The Media Ownership Monitor Cambodia revealed high levels of ownership concentration, a low transparency level, and a problematic dependency of media outlets on the government. The research and publication, jointly conducted together with the Cambodian Center for Independent Media (CCIM) from September to December 2015 and relaunched in 2018, highlights the related dangers to media freedom, particularly thorugh self-censorship and the absence of critical reporting.
- High media concentration, especially for popular TV. The TV sector is the most popular and at the same time the most concentrated and most politically affiliated media sector: the top 4 media companies gather 78% of the viewership. Moreover, 7 of 10 relevant TV channels belong to owners affiliated to the ruling party - either being listed on the government payroll or appointed as advisors. The Cambodian Broadcasting Service (CBS) Corporation, that alone gathers 47% in the TV sector, is by far the most important media group in Cambodia. Owned by The Royal Group, CBS counts at least three media-related sister companies ranging from phone operations to digital TV and Internet Service Providers. This makes its owner, Kith Meng, one of the most influential media owners with the potentially highest leverage on public opinion in Cambodia. While the print sector is also highly concentrated with the top 4 outlets reaching 59% of the audience, it is important to keep in mind that only one out of 10 Cambodians reads newspapers or magazines. The radio market appears most fragmented, with 8 of the 10 most relevant radio stations, reaching between 3-6% of the audience, showing a medium concentration. The top media corporations and owners (Royal Group, Hang Meas, Hun Mana & Seng Bunveng) together reach 83.4% of the audience across all media sectors. This proofs an exceptionally high concentration of media companies that have a potential influence on public opinion.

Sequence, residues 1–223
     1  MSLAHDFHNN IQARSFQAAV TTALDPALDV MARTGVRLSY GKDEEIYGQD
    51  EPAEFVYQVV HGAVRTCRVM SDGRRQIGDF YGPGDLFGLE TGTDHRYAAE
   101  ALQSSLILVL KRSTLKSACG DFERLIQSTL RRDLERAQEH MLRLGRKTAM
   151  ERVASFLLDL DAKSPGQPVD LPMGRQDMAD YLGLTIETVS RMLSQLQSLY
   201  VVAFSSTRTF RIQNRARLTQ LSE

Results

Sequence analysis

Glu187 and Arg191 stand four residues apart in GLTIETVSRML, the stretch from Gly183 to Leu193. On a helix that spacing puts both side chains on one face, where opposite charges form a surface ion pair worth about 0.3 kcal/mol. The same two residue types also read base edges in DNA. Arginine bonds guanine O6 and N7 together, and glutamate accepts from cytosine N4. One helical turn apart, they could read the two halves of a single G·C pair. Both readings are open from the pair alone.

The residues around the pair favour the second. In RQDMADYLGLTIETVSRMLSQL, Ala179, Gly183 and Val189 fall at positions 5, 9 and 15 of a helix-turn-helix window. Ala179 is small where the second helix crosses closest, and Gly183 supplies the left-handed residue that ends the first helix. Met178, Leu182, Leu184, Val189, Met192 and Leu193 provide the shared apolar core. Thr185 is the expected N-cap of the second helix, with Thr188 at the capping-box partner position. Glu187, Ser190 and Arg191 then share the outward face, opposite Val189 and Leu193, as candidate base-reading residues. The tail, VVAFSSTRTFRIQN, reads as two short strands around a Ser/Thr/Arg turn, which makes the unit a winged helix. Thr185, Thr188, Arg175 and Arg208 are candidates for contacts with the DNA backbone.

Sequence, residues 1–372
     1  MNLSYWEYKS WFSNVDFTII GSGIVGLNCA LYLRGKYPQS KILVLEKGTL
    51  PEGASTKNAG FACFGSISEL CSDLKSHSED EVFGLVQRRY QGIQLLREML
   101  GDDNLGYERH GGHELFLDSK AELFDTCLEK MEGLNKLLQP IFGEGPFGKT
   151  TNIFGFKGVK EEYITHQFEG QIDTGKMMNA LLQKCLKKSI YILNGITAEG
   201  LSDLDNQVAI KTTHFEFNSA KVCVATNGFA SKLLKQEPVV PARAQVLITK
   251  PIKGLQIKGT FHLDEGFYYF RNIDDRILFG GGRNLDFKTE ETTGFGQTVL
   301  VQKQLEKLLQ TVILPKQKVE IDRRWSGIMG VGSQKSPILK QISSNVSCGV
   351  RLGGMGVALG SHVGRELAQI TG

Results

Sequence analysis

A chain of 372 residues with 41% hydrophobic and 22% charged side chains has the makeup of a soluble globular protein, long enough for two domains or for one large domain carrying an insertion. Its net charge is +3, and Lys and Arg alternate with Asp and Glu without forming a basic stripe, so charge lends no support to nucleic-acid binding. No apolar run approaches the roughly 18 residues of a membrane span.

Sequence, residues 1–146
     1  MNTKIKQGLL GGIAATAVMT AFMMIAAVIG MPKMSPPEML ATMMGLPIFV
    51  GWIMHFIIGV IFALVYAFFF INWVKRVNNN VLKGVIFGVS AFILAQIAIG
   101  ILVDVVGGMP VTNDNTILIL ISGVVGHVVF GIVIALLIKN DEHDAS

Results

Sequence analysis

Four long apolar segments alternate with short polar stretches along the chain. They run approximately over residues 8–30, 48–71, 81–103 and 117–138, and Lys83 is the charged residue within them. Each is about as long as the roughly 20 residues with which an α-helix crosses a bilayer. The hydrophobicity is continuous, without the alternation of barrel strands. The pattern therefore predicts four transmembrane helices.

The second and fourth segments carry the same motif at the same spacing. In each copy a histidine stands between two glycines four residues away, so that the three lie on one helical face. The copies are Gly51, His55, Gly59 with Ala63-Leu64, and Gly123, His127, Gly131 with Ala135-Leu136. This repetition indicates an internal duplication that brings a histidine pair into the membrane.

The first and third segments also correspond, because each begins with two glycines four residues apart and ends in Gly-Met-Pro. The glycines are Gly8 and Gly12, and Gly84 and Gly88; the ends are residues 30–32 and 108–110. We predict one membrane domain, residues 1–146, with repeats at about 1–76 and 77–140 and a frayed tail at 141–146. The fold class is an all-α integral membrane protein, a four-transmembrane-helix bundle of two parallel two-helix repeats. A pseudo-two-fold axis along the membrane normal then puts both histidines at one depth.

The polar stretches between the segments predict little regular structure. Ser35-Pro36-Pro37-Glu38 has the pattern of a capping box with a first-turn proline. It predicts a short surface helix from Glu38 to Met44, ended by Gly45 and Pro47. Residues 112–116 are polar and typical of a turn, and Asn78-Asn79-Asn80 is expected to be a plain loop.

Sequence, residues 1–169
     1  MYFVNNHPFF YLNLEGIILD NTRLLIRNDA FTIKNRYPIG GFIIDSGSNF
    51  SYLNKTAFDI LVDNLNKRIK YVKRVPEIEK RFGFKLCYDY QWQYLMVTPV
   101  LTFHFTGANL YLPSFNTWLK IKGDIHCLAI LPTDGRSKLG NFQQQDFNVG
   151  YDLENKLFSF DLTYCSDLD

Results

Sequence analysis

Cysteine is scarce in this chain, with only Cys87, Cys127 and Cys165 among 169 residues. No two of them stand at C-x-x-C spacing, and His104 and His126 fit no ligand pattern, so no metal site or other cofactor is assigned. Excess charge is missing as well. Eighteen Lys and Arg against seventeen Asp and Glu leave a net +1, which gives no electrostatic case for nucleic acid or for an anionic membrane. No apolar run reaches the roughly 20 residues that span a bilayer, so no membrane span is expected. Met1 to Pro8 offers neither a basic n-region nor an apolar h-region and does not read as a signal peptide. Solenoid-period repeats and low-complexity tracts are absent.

- Media regulation in its infancy. The high degree of concentration illustrates the lack of an appropriate legal framework. Instead of having an independent body to regulate media concentration and ownership in the country, the in transparent licensing regime depends completely on the Ministry of Information. It appears in a critical role being the sole authority to officially allocate and revoke licenses in an opaque process, instead of establishing and entrusting an independent media authority.
- Media Ownership Transparency is low. The lack of corporate financial data related to the media sector made it impossible to evaluate the economic impact and dimension of concentration. While there was little public information on ownership structures available, proactively contacted media outlets proved very reluctant to respond: only one third provided complete data upon request.
According to the annual World Press Freedom Index produced by Reporters without Borders, Cambodia ranks 132th out of 180 countries in 2017.